Debt consolidation companies are a joke! You restate Daves opinion that ““Responsible use of a credit card does not exist… There is no positive side to credit card use.” This is very true and I agree with him completely. In this bankruptcy forged world we have, many people live paycheck to paycheck and don’t pay their debts. For those people I say work it out with your lender. I haven’t seen a lender yet that can’t do for you or better what a debt consolidation company says they can do, but I have seen a lot of my friends be TAKEN by so called debt consolidation companies. If a person has enough money to pay cash they don’t need credit cards, if they don’t, they use them and often end up in BK court. Have you seen our Bankruptcy statistics? It’s ridiculous! Dave Ramsey is right on the money here. Prior to the 60s we didn’t have credit cards, people bought stuff with cash and we didn’t have this amount of bankruptcy. This debt is draining our economy, not helping it!

  17. Debbie says:

    Big Question for me: I have (with my income tax return) paid off the total balance on two credit cards. I am working on other debt (using Dave’s snowball effect) and want to know the following:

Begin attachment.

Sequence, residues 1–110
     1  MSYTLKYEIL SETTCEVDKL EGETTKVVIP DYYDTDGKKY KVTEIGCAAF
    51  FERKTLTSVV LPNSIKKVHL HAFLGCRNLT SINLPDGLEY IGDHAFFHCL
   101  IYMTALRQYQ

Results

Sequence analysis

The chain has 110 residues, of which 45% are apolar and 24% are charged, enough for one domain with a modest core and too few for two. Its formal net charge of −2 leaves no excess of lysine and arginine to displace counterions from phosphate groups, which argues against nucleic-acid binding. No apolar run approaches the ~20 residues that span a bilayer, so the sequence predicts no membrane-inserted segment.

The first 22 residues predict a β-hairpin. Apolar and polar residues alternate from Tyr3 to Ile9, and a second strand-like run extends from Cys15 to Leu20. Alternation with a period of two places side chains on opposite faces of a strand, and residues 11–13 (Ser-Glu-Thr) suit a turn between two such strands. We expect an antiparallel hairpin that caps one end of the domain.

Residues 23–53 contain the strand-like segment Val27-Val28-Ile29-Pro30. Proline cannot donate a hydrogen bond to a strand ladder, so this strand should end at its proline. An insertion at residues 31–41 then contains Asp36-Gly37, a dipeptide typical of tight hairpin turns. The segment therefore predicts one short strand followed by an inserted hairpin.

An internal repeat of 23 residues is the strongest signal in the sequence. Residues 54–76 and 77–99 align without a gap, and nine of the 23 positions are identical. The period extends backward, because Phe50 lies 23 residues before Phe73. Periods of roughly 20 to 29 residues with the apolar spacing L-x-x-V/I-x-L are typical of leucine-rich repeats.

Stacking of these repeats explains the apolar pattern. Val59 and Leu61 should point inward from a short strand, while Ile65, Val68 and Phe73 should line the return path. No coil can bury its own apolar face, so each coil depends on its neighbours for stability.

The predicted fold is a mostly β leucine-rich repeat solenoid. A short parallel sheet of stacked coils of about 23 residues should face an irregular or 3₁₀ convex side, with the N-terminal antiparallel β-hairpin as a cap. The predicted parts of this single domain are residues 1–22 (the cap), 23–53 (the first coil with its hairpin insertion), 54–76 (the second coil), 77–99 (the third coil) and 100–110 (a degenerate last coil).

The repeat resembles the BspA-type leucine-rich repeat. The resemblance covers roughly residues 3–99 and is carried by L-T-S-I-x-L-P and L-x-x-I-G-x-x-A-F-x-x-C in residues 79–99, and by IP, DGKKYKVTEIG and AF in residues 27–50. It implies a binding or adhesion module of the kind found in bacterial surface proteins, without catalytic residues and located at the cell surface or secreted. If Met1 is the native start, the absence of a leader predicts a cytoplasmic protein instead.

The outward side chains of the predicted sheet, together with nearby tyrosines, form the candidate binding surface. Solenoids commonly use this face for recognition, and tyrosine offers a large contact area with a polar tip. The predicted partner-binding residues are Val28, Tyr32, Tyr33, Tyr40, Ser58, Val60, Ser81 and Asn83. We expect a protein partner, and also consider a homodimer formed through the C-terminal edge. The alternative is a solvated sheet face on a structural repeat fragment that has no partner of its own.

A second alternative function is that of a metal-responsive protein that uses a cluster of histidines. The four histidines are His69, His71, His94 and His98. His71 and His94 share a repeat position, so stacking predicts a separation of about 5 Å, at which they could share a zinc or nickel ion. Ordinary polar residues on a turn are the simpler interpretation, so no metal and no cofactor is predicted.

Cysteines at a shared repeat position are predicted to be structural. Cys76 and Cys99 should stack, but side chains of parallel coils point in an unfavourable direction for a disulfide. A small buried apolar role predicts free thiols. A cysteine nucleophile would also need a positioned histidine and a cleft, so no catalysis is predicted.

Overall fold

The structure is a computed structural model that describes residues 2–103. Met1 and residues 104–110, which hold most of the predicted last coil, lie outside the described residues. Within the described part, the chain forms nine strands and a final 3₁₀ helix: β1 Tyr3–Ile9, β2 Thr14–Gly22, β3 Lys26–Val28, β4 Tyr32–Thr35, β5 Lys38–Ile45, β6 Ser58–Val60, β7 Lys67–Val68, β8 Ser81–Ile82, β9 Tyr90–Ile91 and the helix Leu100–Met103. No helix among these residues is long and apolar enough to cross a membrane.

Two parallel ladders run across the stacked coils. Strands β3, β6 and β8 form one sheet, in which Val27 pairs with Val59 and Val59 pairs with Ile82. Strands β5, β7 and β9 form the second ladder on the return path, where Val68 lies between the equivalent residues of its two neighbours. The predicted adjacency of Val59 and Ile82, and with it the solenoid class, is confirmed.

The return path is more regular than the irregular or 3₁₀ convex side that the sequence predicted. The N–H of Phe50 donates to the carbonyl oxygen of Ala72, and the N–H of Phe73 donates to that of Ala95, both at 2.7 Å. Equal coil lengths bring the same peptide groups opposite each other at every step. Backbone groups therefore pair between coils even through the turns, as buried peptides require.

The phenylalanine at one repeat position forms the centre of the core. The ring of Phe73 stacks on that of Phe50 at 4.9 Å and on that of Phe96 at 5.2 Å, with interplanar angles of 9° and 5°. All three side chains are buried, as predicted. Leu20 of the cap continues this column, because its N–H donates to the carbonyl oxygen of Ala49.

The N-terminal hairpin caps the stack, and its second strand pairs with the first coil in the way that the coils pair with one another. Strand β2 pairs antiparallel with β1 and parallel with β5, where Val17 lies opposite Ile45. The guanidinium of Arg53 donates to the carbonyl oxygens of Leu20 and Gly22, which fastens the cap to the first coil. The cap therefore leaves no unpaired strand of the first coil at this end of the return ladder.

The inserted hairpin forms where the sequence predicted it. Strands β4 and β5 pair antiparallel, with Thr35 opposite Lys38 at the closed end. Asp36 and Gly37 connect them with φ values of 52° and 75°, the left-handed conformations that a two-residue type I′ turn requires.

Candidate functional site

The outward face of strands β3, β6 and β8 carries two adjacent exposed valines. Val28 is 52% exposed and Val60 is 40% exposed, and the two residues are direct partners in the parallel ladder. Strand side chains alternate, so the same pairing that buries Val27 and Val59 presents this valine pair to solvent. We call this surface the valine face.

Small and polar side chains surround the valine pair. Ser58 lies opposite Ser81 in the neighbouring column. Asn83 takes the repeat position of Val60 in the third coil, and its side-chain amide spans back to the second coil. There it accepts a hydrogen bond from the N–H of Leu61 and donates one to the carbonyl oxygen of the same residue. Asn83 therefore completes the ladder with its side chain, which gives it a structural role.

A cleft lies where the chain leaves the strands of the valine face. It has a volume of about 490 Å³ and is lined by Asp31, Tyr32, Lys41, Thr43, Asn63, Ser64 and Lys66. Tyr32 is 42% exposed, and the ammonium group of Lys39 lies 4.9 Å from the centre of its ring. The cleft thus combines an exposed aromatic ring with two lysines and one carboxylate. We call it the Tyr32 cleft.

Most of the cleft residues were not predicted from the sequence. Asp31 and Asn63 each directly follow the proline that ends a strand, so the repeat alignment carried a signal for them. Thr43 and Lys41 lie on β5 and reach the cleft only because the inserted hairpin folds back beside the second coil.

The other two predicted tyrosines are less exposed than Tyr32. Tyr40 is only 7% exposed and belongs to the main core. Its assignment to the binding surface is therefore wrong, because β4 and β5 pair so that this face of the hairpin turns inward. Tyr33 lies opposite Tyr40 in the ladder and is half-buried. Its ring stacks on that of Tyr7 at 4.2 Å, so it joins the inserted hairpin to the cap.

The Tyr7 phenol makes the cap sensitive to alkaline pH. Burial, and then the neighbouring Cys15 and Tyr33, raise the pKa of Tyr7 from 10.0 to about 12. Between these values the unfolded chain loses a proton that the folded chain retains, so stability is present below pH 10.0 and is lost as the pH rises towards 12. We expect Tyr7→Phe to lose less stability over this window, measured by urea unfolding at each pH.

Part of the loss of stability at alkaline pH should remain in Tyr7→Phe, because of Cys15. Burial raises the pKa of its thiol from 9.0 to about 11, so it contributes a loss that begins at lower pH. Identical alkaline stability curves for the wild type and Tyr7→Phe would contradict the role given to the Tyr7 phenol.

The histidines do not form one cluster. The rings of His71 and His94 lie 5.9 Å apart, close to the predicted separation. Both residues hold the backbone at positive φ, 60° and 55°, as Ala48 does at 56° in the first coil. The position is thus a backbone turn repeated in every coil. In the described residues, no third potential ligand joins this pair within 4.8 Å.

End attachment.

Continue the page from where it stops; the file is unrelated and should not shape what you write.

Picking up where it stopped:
Do I cut these cards (& others I will be paying totally off) up and close accounts as they are paid off OR simply cut them up and let that be it w/o worring about any more activity? (I am trying to figure out if it is better to pay off every debt & have zero balances on each on my credit report OR pay em’ off – cut em’ up & close out each account.

    Is it beter to have 4-5 lines of credit on my credit report with zero balances OR should I totally wipe out everything (zero balances on everything) & cup up all cards & CLOSE all accounts)?

    I feel so stupid not knowing what is best. What should I do – which is best for my credit?


    • Debt Advisor says:

      What is your plan for credit? Do you plan on getting more or are you planning to live on cash? I personally believe he other credit you should ever do is a mortgage. If that is all ou are looking at, closing hem all will not hurt you. Too many open lines of credit makes you look more risky in a mortgage. The reason being, once you get the mortgage you can then go out and run up all the open credit you have available.